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Migrants wait at the Austria-Hungaria border in Nickelsdorf, Austria, on September 20, 2015. (Photo: Reuters/David W. Cerny)

As Crisis Intensifies, Kerry Says US Will Take 100,000 Refugees in 2017

Many, though not all, of the additional refugees would be Syrian, US officials have said

Deirdre Fulton

U.S. Secretary of State John Kerry announced Sunday that the U.S. will accept 85,000 refugees from around the world next year—up from 70,000—and the number will rise to 100,000 in 2017.

Many, though not all, of the additional refugees would be Syrian, American officials have said. The United States has taken in just 1,500 refugees since the start of the Syrian war in 2011, and President Barack Obama last week committed to accepting 10,000 more over the coming year.

The New York Times reports:

Still, the steps that Mr. Kerry announced are much less than that some former American officials and refugee experts have recommended.

Last Thursday, more than 20 former senior officials, including some who served in the State Department and Pentagon during the Obama administration, urged the White House to accept 100,000 Syrian refugees.

“We urge that you announce support for a refugees admissions goal of 100,000 Syrian refugees on an extraordinary basis, over and above the current worldwide refugee ceiling of 70,000,” they wrote in a letter to President Obama and congressional leaders. “With some four million Syrian refugees in neighboring countries and hundreds of thousands of Syrian asylum seekers in Europe, this would be a responsible exercise in burden sharing.”

That letter also called on the U.S. to put in place special rules to speed the resettlement process.

As NBC News explains:

U.S. officials have recognized the process for admitting Syrian refugees can take up to 18 months, largely because of vetting to make sure they do not pose a security threat.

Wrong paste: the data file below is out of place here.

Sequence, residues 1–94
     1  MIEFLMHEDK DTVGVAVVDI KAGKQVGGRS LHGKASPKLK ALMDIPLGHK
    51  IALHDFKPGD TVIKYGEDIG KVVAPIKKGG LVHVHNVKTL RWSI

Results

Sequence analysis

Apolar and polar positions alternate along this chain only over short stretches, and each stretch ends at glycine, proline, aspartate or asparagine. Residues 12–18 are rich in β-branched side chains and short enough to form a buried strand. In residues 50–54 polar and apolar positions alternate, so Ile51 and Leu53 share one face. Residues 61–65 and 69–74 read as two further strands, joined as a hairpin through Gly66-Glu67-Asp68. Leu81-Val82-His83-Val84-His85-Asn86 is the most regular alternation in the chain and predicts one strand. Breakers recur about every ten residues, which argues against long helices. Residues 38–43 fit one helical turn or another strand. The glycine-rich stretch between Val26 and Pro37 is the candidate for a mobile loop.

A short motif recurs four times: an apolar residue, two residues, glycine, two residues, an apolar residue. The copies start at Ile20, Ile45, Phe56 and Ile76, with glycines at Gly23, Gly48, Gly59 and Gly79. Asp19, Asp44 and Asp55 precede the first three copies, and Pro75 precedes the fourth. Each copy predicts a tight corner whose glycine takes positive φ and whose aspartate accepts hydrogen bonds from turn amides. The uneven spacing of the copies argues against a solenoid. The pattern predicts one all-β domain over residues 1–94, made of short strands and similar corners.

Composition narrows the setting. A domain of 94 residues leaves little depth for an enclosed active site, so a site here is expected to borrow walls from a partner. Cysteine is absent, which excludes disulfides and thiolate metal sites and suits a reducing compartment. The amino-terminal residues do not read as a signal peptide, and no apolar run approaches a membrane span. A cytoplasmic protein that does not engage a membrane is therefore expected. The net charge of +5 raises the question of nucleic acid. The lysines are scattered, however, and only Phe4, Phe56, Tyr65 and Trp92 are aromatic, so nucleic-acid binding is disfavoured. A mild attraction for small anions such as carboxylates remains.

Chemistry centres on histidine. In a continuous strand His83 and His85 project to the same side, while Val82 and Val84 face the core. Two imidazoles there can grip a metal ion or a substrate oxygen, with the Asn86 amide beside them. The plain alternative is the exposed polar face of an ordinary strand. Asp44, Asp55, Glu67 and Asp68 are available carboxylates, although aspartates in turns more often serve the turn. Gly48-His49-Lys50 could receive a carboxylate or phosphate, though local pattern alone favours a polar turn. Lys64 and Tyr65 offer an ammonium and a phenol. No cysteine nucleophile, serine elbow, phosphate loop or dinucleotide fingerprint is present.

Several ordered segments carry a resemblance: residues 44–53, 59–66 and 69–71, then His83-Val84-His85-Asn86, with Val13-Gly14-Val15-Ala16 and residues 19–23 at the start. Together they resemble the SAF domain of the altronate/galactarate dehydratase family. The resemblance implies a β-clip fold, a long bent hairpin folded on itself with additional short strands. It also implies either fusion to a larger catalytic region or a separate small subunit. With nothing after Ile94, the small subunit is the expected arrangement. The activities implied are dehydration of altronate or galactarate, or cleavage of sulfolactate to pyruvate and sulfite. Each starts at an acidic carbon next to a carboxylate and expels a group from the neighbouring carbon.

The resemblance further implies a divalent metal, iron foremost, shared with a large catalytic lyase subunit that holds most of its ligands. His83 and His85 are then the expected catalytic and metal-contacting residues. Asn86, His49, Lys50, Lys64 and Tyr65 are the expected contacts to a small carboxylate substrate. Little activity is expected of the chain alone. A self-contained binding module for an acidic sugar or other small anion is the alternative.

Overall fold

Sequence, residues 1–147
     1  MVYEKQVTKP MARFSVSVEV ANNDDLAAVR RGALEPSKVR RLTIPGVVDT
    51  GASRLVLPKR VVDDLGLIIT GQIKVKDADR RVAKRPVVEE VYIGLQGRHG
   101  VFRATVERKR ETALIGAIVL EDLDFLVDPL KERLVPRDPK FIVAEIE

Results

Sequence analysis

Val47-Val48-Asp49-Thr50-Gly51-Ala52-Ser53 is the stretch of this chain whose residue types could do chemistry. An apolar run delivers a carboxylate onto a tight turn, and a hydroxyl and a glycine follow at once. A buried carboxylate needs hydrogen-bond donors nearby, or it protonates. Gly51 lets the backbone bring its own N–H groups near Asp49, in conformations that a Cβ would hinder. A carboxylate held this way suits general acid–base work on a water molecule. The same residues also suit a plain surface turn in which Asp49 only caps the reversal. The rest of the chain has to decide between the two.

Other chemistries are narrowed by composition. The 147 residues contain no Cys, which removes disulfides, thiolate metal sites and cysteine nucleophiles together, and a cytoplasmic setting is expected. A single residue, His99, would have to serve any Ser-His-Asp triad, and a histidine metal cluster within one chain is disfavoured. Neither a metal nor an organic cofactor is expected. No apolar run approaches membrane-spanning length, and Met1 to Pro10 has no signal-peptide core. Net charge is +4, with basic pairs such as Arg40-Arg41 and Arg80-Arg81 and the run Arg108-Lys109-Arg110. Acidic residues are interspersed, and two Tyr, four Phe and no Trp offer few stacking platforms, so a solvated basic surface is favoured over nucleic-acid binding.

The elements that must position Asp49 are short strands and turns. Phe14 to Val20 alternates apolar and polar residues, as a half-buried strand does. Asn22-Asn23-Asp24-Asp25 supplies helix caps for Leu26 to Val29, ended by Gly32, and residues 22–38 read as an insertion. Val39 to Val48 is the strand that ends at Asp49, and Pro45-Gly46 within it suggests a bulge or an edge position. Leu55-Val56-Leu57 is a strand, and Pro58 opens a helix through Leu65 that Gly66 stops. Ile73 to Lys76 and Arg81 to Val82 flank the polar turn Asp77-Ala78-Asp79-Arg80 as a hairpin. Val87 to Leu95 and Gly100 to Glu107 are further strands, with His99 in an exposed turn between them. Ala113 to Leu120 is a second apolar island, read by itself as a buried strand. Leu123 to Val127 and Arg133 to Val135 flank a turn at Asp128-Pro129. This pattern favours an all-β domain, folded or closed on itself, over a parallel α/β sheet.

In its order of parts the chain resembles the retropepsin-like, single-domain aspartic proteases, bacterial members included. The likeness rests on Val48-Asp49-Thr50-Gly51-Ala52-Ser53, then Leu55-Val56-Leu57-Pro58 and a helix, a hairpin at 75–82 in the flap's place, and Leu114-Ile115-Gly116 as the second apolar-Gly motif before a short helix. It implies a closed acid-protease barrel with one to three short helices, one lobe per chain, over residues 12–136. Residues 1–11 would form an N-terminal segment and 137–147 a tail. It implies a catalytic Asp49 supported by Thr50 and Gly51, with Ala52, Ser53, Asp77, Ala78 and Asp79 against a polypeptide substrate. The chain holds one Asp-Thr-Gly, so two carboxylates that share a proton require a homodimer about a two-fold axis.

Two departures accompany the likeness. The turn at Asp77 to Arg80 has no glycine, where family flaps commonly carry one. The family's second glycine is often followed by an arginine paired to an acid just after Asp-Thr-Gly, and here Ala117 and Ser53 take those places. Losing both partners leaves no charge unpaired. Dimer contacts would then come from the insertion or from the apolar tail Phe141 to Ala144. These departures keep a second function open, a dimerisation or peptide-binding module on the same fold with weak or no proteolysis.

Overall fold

Refugee applications referred to the United States by the U.N. refugee agency undergo multiple security checks by several federal agencies.

"[W]e can make a home for many, many refugees in the United States. I'm convinced of it," Anne Richard, the U.S. assistant secretary of state for population, refugees, and migration, told NPR on Saturday. "But the tricky part is running a process that scrutinizes the backgrounds of the refugees before they come here to make sure we're bringing people who are legitimate refugees and who do not pose any kind of security threat to the United States."

A separate letter sent Friday from a coalition of U.S. faith-based and civil society groups to President Obama called for increasing the refugee resettlement cap to 200,000 for the upcoming fiscal year, including 100,000 Syrians.

According to ABC News, "Kerry did not address why the U.S. proposal is well short of what the former officials advocated, but in London on Saturday, he said the migrant crisis must be solved by ending Syria's civil war and replacing President Bashar Assad."

Meanwhile, the refugee crisis only worsens, creating a devastating new reality marked for too many by terror, violence, and injustice.

The Guardian reported Sunday on one group of refugees, numbering in the hundreds, who "fear they are to be deported back to Syria after their boat was intercepted by the Turkish coastguard."

One female among the crowd, detained at a refugee center and not identified for her protection, said she feared being killed if this happened. "They are threatening us that Syrians will be deported to Syria, Iraqis to Iraq,” she said. “If they send us back to Syria we will die."


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